A Vessel of Honor
20 But in a great house there are not only vessels of gold and silver, but also of wood and clay, some for honor and some for dishonor. 21 Therefore if anyone cleanses himself from the latter, he will be a vessel for honor, sanctified and useful for the Master, prepared for every good work.(2 Timothy 2:20-21)
Having mentioned a firm foundation in 2 Timothy 2:19, Paul now uses the metaphor of a great house which contains all manner of vessels or utensils. Paul was apt to use this metaphor of vessels (Rom. 9:21; 2 Cor. 4:7). However, it is wise not to assume that Paul is making the same argument when using a similar metaphor. In fact, the context will show that he uses “vessels” to teach a different lesson in this letter than in his previous letters.
20 But in a great house there are not only vessels of gold and silver, but also of wood and clay, some for honor and some for dishonor.
▸ Vessels in the Great House Vary
It is doubtless that Timothy is to be this vessel of honor in contrast with those who are like Hymenaeus and Philetus. Timothy needs to be a vessel of gold and silver. These are valuable. They are used to decorate and to serve guests. Those common everyday vessels are of wood and clay are used for less dignified purposes, such as, a slop bucket or a chamber pot. Everyone has a variety of vessels in their home that they consider honorable whether they are a nice set of silverware or a beautiful vase used for flower arrangements. Likewise, vessels or utensils of dishonor range from the brush used to scrub the toilet bowl to the diaper pail in the nursery.
21a Therefore if anyone cleanses himself from the latter, he will be a vessel for honor,
▸ Vessels of Honor are Cleansed
The “latter” are the vessels of dishonor. Sin and sinners are contagious as is false teaching. They spread “like gangrene”. To be pure Timothy, desiring to be a honorable vessel, needs to avoid contamination. As Paul warned the Corinthians, “Do not be deceived: ‘Evil company corrupts good habits’” (1 Cor 15: 33). Church discipline is necessary because of the leavening effect of sinful behavior in the church. “Therefore purge out the old leaven, that you may be a new lump, since you truly are unleavened” (1 Cor 5:7). False teachers are also to be identified and avoided (Rom. 16:17).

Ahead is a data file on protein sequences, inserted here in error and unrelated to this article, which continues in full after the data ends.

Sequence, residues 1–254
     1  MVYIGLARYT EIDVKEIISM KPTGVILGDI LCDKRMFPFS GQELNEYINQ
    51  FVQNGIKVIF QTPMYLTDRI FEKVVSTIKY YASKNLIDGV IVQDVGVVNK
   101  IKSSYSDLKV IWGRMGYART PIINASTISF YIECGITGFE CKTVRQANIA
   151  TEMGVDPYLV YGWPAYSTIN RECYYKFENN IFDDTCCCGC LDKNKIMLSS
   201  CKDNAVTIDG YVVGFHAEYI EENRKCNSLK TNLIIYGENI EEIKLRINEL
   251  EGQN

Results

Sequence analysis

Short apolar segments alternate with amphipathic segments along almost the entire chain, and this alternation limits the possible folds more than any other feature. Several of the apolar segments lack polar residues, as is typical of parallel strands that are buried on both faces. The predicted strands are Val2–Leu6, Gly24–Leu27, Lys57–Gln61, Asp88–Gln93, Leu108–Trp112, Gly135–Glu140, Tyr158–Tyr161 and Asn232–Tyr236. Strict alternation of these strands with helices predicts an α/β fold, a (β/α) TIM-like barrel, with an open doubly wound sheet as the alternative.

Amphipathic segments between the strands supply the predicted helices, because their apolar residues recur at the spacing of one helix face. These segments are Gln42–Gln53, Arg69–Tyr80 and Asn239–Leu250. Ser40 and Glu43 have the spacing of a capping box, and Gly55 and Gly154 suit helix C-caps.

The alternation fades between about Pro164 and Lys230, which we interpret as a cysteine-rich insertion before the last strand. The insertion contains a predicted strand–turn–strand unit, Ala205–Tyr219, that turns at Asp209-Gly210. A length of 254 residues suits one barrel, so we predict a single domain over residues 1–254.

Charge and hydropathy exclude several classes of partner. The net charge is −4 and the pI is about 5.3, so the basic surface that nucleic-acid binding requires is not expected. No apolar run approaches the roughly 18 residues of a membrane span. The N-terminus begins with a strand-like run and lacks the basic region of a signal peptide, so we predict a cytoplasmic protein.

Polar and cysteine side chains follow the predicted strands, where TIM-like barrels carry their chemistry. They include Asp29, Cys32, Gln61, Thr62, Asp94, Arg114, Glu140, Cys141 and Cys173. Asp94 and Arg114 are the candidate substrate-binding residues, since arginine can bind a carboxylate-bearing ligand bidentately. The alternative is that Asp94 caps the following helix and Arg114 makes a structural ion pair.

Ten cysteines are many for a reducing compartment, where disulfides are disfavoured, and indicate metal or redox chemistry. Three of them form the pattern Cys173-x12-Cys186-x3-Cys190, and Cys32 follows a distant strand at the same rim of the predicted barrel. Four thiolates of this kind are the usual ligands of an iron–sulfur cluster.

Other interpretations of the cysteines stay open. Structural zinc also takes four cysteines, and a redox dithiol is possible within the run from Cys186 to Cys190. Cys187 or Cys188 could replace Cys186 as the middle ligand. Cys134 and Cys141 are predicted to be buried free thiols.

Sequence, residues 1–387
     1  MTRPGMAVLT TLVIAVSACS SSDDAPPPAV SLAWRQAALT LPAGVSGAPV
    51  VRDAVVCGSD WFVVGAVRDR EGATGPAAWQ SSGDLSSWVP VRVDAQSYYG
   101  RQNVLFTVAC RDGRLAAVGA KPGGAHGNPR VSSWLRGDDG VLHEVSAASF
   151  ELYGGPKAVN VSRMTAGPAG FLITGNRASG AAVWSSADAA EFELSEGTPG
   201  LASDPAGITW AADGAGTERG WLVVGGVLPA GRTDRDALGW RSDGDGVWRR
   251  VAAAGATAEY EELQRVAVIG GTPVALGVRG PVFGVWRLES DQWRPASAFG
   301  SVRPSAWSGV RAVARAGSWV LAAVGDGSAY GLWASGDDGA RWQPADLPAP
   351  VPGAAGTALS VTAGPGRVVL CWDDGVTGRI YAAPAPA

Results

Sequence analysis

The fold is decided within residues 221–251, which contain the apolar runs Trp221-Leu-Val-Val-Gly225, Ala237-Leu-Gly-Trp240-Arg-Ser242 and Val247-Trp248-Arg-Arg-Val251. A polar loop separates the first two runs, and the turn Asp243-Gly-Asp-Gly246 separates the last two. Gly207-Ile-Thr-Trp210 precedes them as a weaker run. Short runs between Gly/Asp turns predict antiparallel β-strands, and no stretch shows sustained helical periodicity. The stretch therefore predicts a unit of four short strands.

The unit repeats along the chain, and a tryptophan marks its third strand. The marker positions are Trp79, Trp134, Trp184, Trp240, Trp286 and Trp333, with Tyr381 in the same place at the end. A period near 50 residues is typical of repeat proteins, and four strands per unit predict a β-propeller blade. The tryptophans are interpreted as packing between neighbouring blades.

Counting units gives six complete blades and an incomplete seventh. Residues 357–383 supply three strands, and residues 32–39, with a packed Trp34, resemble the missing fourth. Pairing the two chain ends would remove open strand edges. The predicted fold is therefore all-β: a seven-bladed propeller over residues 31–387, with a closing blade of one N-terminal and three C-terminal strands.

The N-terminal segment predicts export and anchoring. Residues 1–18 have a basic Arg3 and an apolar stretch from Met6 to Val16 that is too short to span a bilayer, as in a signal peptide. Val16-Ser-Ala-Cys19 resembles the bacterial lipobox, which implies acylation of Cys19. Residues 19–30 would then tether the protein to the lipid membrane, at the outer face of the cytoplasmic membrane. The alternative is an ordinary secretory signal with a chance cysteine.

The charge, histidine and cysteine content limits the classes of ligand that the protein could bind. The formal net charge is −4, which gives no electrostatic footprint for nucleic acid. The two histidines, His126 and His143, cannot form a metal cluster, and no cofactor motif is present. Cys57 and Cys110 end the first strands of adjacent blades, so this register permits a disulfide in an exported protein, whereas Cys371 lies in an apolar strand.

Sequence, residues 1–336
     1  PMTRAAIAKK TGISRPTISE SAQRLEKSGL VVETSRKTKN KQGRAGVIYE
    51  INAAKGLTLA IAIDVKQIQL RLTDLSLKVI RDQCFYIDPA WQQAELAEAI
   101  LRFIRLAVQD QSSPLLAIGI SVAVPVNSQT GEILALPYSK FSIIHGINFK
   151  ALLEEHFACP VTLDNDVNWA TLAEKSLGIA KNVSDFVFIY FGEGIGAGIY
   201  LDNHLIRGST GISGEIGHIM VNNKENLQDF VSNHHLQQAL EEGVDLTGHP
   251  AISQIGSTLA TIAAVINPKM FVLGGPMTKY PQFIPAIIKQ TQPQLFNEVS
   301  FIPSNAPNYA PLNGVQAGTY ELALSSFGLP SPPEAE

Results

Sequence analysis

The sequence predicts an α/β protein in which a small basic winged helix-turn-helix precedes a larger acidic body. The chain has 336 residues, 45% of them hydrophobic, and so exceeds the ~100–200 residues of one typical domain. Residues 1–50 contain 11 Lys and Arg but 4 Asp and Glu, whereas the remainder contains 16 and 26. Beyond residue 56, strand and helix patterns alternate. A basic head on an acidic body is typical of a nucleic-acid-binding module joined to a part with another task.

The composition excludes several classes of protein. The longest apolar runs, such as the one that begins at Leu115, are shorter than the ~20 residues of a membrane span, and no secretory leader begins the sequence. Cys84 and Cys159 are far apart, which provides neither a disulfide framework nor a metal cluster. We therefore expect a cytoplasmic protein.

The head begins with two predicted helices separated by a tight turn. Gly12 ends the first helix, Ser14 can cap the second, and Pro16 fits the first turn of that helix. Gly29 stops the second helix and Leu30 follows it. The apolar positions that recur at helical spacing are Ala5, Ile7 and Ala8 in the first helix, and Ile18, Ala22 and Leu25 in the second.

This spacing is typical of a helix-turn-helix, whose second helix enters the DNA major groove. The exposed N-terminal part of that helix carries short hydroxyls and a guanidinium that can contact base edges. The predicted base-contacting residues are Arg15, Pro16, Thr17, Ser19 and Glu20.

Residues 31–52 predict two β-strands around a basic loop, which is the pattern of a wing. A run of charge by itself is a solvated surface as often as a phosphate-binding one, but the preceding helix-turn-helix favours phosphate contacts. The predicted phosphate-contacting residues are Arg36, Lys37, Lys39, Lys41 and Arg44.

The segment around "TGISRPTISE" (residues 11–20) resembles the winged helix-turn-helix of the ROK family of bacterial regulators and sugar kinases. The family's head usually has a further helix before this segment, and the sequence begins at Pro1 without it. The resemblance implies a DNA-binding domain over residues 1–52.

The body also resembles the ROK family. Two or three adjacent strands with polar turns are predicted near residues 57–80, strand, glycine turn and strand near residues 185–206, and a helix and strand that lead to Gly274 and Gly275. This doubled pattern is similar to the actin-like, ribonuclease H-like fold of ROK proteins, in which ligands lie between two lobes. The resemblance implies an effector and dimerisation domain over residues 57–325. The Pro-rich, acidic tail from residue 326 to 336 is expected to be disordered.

It is interesting to note that the Greek term for “cleanses” is the same in 1 Corinthians 5:7. It is from this same Greek term which is derived the English word “catharsis.” It is a purging or cleansing.
▸ Vessels of Honor are Set Apart
An honorable vessel is made holy, or set apart for a special use when it is sanctified. Derived from the same root as the word sanctified is the term “saint.” They are set apart from sin and set apart to God who is Holy. “…those who are sanctified in Christ Jesus, called to be saints” (1 Cor 1:2).
21c and useful for the Master,
▸ Vessels of Honor are Helpful
What good is a beautiful gravy bowl made of fine china if is has a crack in it so that the gravy leaks out all of the table? The Master of the house would not be honored. So a Christians who is of no use is really of no value and brings no glory to God.
21d prepared for every good work.
▸ Vessels of Honor are Prepared
Vessels of honor are prepared ahead of time to be useful. A stack of dirty expensive dishes are of no use when the guests arrive. They must have been cleaned of food remnants and dried and put up so they are ready when needed. Christians are only ready to do good works when prepared. Later in chapter three and verse seventeen, it is the inspired Word of God which equips us for every good work. What kind of vessel are you in God’s great house?
– Daniel R. Vess